It's harder to raise capital now for smaller companies, with investors insisting on a bigger stake in your business and willing to pay you less for it. Many growth-minded entrepreneurs would rather hunker down, wait out the tepid economy, and then raise money when the terms aren't so onerous.
If you can wait, that's probably a good idea.
If you can't wait, you've got something in common with Openfirst Inc., a Milwaukee direct-mail firm that went through a bruising -- though it appears, ultimately successful -- recapitalization this past November.
Sometimes, as the Openfirst story shows, if you want the business to survive and grow, you have got to accept a smaller portion of the ownership, and less money than you expected for your stake. It can be a bitter pill, especially for entrepreneurs who saw the value of their companies soar during the recent economic boom, only to plummet more recently.
Openfirst, with backing from investment funds, acquired three direct-mail firms during the mid-to-late 1990s. It was a small-scale roll-up, hoping to add two-plus-two-plus-two and get nine, based on lower combined expenses and aggressive management for growth. It's harder than most entrepreneurs realize, with many roll-ups failing. After Openfirst's last acquisition, in 1999, debt was high and profits were falling. The post-Sept. 11, 2001, anthrax scare that temporarily brought the direct-mail business to a standstill also hurt.
A new management team led by Robert W. Kraft, who had sold his company to Openfirst and is its president and chief executive, began a turnaround of the operations in early 2000. That effort was largely successful by early last year. Earnings before interest, taxes, depreciation and amortization, or Ebitda, which had plunged to about $1 million in 2000 from about $3.5 million in 1998, were rising sharply again. Revenue was up, too, headed above $30 million, according to a presentation prepared by Grace Matthews Inc., a Milwaukee investment banking firm that advised Openfirst on the recapitalization.
But the balance sheet was a mess. The company's main bank wanted its money back. " There were promises made to the bank that more capital would come in. It never came to fruition," says Ben Scharff, a vice president at Grace Matthews. Banks had been happy to lend more and see less equity in firms in the late-1990s, but quickly tightened those standards when the economy slumped.
Meanwhile, interest on notes due to entrepreneurs who had sold their firms to Openfirst was piling up at a rate of $1 million a year, adding to the debt. The company needed money to invest in systems to support important new clients it had signed up.
Openfirst needed a recapitalization, which is essentially a sale of the company, though often with some owners remaining.
To make all the lenders and investors whole would have cost a combined 9.8 times the company's Ebitda for the 12 months ended Oct. 31, 2002, according to Grace Matthews. The market value was probably closer to five or six times Ebitda, says Doug Mitman, a managing director at Grace Matthews. Not enough.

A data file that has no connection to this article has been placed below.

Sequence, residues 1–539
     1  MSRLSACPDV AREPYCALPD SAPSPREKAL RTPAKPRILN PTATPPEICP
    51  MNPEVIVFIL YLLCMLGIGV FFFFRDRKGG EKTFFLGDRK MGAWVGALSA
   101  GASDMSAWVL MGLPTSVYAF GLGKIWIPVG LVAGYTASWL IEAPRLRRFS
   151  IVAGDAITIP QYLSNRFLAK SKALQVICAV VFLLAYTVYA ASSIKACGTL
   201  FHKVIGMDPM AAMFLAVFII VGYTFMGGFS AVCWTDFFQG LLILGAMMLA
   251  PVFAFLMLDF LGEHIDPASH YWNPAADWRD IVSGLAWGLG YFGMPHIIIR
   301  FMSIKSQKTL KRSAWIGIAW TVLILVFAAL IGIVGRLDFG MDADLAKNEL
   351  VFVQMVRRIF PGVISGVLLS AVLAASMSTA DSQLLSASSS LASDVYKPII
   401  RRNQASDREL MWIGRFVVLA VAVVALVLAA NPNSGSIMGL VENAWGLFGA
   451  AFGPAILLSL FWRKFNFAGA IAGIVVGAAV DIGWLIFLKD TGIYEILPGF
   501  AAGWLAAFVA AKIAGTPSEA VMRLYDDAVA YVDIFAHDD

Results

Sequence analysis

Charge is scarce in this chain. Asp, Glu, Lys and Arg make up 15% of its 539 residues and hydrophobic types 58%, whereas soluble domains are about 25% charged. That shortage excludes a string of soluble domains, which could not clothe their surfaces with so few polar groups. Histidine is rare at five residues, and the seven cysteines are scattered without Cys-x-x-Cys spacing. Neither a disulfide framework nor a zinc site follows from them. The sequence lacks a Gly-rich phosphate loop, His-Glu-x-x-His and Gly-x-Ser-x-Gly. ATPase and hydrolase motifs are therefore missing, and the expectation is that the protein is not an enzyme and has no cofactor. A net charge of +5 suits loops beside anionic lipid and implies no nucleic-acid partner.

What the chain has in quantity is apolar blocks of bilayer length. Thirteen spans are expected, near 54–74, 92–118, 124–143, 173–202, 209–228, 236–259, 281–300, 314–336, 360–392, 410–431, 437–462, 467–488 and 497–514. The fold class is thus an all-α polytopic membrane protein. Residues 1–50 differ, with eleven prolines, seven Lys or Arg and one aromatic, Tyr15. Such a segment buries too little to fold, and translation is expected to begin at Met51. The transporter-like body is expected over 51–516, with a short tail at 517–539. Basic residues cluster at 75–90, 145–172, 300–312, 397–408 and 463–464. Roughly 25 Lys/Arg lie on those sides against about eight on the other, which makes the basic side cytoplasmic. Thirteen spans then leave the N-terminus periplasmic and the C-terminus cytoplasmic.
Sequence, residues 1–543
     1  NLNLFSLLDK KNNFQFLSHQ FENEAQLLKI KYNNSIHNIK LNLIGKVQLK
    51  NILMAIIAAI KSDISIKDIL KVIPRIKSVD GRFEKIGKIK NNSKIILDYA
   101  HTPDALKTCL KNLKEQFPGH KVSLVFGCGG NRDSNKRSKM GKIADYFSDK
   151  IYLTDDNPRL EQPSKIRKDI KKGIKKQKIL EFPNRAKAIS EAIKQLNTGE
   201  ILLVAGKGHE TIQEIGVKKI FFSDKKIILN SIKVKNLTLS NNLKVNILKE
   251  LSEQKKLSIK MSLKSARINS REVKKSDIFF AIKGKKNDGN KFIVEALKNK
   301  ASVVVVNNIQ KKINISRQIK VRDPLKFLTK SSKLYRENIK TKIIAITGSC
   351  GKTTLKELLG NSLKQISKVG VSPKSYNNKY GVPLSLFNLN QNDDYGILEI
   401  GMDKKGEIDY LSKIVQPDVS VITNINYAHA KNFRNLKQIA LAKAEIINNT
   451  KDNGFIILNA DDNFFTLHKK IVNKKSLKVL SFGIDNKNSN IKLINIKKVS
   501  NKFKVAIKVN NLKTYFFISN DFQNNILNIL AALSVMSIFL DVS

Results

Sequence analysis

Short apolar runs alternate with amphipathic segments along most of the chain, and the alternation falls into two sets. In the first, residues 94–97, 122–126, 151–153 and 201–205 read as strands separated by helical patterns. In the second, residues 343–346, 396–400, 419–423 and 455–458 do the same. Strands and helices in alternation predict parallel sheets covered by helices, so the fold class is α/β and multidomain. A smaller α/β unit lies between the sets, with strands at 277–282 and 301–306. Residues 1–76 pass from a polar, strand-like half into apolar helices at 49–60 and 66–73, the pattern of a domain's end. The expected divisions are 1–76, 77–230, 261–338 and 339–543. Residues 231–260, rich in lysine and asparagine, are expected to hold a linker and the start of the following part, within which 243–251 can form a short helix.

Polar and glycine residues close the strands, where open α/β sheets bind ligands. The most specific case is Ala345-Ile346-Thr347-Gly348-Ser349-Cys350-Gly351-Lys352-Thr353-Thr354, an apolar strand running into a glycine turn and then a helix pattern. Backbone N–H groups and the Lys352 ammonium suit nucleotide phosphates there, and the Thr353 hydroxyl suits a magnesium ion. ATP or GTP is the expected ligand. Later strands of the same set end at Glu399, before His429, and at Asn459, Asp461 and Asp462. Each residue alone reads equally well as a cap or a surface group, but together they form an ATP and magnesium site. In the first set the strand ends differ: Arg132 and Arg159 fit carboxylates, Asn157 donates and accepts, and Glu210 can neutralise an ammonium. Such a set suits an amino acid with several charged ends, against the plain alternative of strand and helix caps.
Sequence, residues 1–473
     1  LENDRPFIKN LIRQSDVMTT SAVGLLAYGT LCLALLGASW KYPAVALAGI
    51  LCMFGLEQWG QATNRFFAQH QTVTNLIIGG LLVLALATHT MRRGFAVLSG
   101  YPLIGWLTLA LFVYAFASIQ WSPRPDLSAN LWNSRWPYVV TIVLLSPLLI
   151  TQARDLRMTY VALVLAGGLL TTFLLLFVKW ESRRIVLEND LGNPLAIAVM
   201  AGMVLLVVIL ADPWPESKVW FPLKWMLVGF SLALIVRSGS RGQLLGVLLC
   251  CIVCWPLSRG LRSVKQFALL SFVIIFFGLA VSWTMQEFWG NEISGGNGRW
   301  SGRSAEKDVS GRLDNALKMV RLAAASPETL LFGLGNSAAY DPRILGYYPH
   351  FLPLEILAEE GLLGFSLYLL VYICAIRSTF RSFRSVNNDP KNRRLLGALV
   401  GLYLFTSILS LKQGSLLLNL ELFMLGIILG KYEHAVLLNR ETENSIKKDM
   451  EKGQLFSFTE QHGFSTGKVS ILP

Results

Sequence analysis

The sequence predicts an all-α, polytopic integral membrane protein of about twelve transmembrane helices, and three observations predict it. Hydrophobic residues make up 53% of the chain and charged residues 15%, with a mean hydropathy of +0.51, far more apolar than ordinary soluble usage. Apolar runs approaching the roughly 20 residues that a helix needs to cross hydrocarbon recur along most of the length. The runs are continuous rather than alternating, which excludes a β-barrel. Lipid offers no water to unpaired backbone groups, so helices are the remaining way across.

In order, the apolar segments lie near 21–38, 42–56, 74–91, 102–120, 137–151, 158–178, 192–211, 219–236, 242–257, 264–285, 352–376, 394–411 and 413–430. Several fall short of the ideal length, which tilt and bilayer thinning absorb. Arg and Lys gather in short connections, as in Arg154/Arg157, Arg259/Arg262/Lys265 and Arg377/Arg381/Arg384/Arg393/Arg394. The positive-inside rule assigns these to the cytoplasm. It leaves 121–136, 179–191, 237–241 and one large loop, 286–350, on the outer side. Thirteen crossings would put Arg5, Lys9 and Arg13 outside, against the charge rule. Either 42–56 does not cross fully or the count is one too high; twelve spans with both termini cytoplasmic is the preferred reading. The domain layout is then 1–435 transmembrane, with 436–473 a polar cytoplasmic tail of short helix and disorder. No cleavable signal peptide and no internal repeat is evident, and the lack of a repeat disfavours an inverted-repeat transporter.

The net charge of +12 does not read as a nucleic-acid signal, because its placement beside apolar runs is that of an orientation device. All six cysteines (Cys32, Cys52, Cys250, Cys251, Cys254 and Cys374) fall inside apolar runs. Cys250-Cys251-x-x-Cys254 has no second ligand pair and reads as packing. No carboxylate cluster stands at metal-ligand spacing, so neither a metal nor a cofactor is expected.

The bank loans were senior, so they had to be paid. That left investment firms and entrepreneurs who had sold their companies to Openfirst to absorb its losses. Any volunteers? Along the way, with the sudden deterioration of the firm's finances, some bad blood had developed. Harsh words were traded. Positions hardened.
" It had become quite contentious," says Mr. Kraft, the CEO. " It was tough to put personal issues aside." Though the operations were healthy, the debt was crushing. Some people weren't speaking to each other.
So, Grace Matthews was hired to approach each investor and entrepreneur with a stake in the company. Knowing the company's tough situation, at what price would they sell? Grace Matthews was able to get commitments from all investors and entrepreneurs to sell for a little more than half of what they had either paid for the stock or were owed by the company.
The deal closed in November, allowing Openfirst to bring in a new bank for its loans, which was crucial, and to fund its expansion. The overall price for the company was " less than $20 million," says Darren Snyder, a partner at Prairie Capital, Chicago, which replaced an investment firm that wanted out, and thus became majority owner.
The price was high, Mr. Snyder says, based on the most recent results, or about seven times Ebitda. But Openfirst's profits are rising fast enough that, " if you look out over the next 12 months, it's going to be 4.5" times Ebitda.
Mr. Kraft took his lumps on the notes he held and invested the proceeds, plus some of his earlier payout, in stock in the recapitalized company. At age 51, he is a lot less rich than he had expected to be when he sold his own firm to Openfirst in 1999. But he has a second chance. So does Openfirst.
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